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Malta became a member of the European Union in 2004 and entered the eurozone in 2008, adopting the euro (EUR, ) as its official currency. In accordance with eurozone policies, Malta employs few foreign exchange controls and restrictions on cross border flows of capital. Sending money to Malta and sending money from Malta is not restricted.
A member of the European Union (EU) since 2004, Malta must comply with all EU regulations and directives regarding imports, customs duties, trade regulations, and agricultural agreements. As such, Malta places very few restrictions on overseas money transfers. Trade in Malta is also governed by the rules of World Trade Organization (WTO). Malta is open to and encourages foreign direct investment, offers tax incentives for investors in several sectors, including information and communications technology development, healthcare, manufacturing, audio visual and film, and waste treatment. Malta eliminated all exchange controls when it joined the EU, but negotiated certain restrictions regarding the acquisition of companies by nonresidents. For such operations, local authorities must authorize the transactions.
Individual travellers may carry a maximum of 10,000, or its equivalent in foreign currency, in cash into or out of the European Union, in accordance with EU customs controls.
Malta joined the European Union in 2004 and entered the eurozone in 2008, adopting the euro as its official currency. The euro replaced the Maltese lira (or pound) starting on January 1, 2008. Maltese coins were convertible at the Central Bank of Malta until February 1, 2010, and banknotes remain convertible until January 31, 2018. Malta complies with eurozone economic policy, which imposes few restrictions on foreign currency transfers.
Malta, a Southern European island nation in the Mediterranean Sea, is one of the world's smallest and most densely populated countries. Malta is one of 26 European countries that make up the Schengen area, and has established itself as a financial center, popular tourist destination, and a freight transhipment point, thanks to its strategic location in the Mediterranean. Due to its geographic location in the Mediterranean Sea, Malta has few domestic natural resources and has to import sources of energy, fresh water, and most of its food. Most of these imports come from France and Italy.
It is the smallest economy in the eurozone depending mostly on manufacturing, financial services, and international trade. With well-trained labor force and low unemployment, Malta is attractive for foreign investments, and places few restrictions on foreign exchange transfers. Maltas main exports include transport equipment and machinery, which it sends to Asia, other EU countries, and the US. Malta closed 2013 with a GDP of US $9.64 billion, and led the eurozone that year with 3% growth.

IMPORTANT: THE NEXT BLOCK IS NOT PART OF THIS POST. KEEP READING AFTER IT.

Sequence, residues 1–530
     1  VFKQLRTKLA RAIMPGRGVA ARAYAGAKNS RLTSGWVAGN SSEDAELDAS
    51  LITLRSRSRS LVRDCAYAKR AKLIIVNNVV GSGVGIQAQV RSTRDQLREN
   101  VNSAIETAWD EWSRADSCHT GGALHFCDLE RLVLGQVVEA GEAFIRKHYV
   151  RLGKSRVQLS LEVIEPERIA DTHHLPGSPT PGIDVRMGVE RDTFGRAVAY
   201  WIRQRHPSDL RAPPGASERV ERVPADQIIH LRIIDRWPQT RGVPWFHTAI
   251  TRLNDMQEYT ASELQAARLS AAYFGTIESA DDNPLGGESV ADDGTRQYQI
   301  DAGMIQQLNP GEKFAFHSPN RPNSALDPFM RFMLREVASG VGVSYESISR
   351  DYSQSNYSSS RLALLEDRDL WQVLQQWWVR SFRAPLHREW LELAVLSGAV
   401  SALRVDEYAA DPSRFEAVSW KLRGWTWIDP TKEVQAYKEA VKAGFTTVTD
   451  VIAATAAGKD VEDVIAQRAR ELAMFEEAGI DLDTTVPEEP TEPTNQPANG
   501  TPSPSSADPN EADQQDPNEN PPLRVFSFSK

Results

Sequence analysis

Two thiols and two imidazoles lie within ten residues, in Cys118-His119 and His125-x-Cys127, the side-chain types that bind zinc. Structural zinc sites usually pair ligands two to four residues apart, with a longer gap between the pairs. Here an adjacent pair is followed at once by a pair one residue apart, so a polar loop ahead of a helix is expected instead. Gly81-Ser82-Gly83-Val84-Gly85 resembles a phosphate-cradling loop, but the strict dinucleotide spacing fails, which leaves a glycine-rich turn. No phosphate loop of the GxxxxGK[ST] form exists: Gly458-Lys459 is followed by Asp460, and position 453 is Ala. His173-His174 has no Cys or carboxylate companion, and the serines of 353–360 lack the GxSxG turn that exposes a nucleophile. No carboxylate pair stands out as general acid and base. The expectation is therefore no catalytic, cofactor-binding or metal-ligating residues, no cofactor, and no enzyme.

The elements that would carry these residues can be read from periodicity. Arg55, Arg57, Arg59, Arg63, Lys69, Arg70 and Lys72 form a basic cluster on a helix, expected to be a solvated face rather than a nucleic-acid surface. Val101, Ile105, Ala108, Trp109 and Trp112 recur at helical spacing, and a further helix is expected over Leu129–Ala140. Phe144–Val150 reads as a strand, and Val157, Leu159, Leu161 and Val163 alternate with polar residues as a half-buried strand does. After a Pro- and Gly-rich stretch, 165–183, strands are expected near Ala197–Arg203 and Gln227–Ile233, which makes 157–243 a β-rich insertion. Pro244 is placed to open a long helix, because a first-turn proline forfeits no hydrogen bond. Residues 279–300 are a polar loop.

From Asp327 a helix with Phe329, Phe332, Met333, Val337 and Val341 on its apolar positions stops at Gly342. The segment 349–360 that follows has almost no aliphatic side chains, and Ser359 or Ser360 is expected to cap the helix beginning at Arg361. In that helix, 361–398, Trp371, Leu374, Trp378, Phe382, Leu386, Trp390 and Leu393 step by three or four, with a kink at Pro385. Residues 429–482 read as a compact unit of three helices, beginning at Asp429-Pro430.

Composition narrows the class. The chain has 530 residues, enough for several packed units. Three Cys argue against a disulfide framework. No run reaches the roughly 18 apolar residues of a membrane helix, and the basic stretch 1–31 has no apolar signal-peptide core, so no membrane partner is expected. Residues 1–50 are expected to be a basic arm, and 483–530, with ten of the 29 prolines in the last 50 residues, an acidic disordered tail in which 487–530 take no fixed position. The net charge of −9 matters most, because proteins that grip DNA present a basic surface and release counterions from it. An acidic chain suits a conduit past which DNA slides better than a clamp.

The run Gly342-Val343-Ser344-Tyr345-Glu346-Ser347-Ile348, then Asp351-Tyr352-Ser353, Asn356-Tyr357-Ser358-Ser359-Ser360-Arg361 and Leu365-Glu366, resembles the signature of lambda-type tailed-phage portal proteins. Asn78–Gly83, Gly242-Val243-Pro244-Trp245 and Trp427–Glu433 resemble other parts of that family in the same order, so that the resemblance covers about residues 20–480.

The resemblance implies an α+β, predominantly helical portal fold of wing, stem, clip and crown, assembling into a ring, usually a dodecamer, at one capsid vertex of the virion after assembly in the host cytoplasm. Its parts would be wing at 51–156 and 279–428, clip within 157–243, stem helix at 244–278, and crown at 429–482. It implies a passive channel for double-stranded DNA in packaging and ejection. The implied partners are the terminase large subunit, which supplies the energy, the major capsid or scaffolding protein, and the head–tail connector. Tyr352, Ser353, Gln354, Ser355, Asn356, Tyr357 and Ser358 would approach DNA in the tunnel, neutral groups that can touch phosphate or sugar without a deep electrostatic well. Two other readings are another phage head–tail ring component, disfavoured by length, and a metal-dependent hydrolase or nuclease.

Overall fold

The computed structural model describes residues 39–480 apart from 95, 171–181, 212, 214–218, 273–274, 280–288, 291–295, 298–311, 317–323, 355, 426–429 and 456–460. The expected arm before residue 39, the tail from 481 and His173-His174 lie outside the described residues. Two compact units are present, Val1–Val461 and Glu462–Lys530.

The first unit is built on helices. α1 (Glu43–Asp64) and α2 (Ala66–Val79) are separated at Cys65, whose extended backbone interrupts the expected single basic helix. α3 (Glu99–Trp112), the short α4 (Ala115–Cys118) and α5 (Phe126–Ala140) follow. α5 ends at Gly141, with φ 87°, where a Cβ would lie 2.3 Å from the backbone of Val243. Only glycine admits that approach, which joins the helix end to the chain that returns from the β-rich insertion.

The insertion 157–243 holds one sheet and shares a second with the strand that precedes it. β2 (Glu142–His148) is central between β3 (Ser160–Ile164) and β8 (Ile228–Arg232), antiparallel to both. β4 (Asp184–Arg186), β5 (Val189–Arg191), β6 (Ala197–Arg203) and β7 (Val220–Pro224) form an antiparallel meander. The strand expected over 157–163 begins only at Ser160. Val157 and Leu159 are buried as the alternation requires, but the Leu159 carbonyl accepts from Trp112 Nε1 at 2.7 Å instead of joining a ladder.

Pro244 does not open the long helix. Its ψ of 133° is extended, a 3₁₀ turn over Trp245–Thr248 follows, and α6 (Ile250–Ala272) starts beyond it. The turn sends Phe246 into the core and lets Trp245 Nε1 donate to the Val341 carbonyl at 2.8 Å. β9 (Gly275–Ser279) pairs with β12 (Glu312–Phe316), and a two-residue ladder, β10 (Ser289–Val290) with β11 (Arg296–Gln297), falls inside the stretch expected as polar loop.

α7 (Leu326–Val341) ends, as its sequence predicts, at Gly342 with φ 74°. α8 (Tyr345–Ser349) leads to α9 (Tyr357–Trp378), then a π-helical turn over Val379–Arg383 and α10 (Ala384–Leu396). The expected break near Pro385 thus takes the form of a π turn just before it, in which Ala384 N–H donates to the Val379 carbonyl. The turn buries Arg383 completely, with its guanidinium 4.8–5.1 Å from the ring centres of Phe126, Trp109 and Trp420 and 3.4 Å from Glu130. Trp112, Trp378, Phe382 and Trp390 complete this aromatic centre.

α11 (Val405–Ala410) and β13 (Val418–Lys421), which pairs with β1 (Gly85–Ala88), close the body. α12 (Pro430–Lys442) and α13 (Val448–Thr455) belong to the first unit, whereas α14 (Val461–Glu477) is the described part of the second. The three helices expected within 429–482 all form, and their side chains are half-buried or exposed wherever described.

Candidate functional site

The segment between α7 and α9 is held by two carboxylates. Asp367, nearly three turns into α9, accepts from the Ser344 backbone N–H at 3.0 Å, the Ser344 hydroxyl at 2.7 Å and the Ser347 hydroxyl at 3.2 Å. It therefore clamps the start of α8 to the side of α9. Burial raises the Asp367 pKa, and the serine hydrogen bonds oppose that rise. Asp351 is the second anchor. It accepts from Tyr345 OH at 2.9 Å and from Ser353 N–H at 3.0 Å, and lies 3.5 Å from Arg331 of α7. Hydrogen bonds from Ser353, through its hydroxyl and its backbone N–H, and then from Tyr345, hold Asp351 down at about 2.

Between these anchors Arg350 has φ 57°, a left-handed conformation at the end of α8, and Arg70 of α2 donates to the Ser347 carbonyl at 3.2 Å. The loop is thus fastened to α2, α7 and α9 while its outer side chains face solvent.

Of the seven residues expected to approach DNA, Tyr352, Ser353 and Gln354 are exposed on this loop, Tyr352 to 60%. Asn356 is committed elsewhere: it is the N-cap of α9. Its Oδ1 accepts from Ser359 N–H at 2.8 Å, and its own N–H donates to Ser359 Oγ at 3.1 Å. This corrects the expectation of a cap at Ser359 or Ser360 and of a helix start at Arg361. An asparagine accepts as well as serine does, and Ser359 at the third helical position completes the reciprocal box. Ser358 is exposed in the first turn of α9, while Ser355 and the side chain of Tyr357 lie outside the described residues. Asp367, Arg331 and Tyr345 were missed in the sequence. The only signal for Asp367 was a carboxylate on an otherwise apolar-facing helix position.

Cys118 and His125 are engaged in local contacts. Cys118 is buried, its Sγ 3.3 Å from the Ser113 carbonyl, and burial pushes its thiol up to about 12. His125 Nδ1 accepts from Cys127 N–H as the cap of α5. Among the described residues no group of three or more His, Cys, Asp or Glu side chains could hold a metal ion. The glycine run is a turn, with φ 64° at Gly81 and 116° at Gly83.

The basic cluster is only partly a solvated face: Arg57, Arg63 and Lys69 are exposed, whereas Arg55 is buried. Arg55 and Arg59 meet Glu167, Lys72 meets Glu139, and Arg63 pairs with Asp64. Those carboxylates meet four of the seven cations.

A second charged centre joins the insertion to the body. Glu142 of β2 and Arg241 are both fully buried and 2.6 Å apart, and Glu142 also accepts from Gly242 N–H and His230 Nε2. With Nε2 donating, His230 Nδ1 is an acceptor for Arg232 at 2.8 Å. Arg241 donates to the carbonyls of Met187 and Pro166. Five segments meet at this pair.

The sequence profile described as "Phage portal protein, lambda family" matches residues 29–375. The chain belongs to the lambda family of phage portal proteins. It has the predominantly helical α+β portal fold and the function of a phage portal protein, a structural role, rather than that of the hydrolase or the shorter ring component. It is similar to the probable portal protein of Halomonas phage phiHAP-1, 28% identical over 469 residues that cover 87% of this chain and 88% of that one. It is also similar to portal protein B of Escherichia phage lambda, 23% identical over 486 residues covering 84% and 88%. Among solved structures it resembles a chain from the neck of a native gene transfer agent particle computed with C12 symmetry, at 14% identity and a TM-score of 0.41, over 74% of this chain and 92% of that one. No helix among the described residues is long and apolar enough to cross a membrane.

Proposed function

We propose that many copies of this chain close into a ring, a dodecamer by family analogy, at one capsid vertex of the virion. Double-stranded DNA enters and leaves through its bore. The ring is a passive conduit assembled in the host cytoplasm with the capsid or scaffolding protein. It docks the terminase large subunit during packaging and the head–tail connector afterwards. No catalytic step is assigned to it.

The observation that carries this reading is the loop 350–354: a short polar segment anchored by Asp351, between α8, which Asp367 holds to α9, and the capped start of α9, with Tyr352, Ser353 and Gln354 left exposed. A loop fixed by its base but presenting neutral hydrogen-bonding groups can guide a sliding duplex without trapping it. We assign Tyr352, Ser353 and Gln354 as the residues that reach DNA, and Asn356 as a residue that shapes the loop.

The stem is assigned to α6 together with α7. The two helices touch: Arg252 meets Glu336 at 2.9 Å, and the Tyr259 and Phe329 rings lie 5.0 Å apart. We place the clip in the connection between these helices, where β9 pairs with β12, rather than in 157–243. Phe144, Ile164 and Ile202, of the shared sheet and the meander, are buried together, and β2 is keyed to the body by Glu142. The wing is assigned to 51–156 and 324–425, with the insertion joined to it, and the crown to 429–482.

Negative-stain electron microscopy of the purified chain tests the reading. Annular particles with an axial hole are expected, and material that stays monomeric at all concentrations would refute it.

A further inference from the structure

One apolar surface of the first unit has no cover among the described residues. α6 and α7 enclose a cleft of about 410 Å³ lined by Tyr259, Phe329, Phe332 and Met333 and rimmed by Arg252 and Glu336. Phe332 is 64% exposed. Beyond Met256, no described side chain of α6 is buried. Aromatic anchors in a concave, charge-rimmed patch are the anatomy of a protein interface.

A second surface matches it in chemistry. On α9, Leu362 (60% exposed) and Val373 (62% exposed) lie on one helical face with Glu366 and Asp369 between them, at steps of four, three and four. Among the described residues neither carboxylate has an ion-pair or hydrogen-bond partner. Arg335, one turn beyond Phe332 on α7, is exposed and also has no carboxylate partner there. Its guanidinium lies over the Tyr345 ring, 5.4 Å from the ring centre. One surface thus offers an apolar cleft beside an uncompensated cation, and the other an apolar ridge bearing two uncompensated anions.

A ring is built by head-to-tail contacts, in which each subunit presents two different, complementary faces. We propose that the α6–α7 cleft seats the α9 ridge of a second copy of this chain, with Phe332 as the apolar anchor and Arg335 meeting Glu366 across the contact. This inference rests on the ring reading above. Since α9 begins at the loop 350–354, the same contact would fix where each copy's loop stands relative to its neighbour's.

The Central Bank of Malta was first established in 1968, and became part of the European System of Central Banks (ESCB) in 2004. When Malta officially adopted the euro as its currency in 2008, the Central Bank of Malta joined the Eurosystem, becoming responsible for issuing the new currency and implementing EU monetary policy. The main objective of the Central Bank of Malta is to maintain price stability following European Union and European Central Bank (ECB) regulations and to oversee payment systems in Malta.
In the case of individuals, residents are subject to income tax on their worldwide income, while non-residents are subject to taxes on income gained in Malta, but also on foreign income received in Malta. Malta has progressive income tax rates up to 35% and individuals are also subject to capital gains taxes, which are also progressive up to 35%. Other taxes include stamp duty and a value-added tax. Total tax revenue in Malta was equal to 35.2% of domestic income in 2015.
Malta does not maintain a separate system for corporate taxes. Companies are charged income tax like individuals, but at a flat rate of 35%, which is the highest marginal tax rate for individuals. Companies residing in Malta are subject to tax on worldwide profits, while non-resident companies are required to pay taxes only on income sourced in Malta. Malta currently has double taxation treaties with 67 countries, which work to encourage international trade and the growth of the financial services sector.
The Central Bank of Malta has the exclusive right to issue banknotes and coins in Malta and is responsible for cash distribution across the country. Maltas monetary unit, the euro (EUR), consists of 100 cents. Euro banknotes are printed in denominations of 5, 10, 20, 50, 100, 200 and 500. Coins are available in values of 1, 2, 5, 10, 20 and 50 cents, and 1 and 2. The central bank of each EU member country issues its own banknotes and coins; the latter have national designs on one side and common designs on the other. All euro currency from any country is accepted within the currency zone.
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